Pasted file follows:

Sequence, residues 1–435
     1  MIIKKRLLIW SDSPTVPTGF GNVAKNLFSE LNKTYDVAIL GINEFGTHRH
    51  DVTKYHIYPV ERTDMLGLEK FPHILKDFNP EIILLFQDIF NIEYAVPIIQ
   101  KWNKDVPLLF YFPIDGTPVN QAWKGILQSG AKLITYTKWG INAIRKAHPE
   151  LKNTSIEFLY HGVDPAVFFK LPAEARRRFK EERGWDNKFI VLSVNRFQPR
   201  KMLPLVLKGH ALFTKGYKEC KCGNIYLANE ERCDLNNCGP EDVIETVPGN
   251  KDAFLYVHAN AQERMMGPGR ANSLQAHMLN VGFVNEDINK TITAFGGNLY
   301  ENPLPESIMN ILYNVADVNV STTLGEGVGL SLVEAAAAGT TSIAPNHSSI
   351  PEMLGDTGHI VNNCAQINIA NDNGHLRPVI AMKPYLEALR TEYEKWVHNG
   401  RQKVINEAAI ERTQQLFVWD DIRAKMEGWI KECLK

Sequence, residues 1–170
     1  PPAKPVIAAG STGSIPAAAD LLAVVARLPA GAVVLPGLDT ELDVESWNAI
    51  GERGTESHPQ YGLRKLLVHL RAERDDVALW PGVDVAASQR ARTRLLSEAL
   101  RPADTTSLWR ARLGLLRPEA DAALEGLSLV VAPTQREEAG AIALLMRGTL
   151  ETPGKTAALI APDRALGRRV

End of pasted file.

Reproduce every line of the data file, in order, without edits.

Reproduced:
Sequence, residues 1–435
     1  MIIKKRLLIW SDSPTVPTGF GNVAKNLFSE LNKTYDVAIL GINEFGTHRH
    51  DVTKYHIYPV ERTDMLGLEK FPHILKDFNP EIILLFQDIF NIEYAVPIIQ
   101  KWNKDVPLLF YFPIDGTPVN QAWKGILQSG AKLITYTKWG INAIRKAHPE
   151  LKNTSIEFLY HGVDPAVFFK LPAEARRRFK EERGWDNKFI VLSVNRFQPR
   201  KMLPLVLKGH ALFTKGYKEC KCGNIYLANE ERCDLNNCGP EDVIETVPGN
   251  KDAFLYVHAN AQERMMGPGR ANSLQAHMLN VGFVNEDINK TITAFGGNLY
   301  ENPLPESIMN ILYNVADVNV STTLGEGVGL SLVEAAAAGT TSIAPNHSSI
   351  PEMLGDTGHI VNNCAQINIA NDNGHLRPVI AMKPYLEALR TEYEKWVHNG
   401  RQKVINEAAI ERTQQLFVWD DIRAKMEGWI KECLK

Sequence, residues 1–170
     1  PPAKPVIAAG STGSIPAAAD LLAVVARLPA GAVVLPGLDT ELDVESWNAI
    51  GERGTESHPQ YGLRKLLVHL RAERDDVALW PGVDVAASQR ARTRLLSEAL
   101  RPADTTSLWR ARLGLLRPEA DAALEGLSLV VAPTQREEAG AIALLMRGTL
   151  ETPGKTAALI APDRALGRRV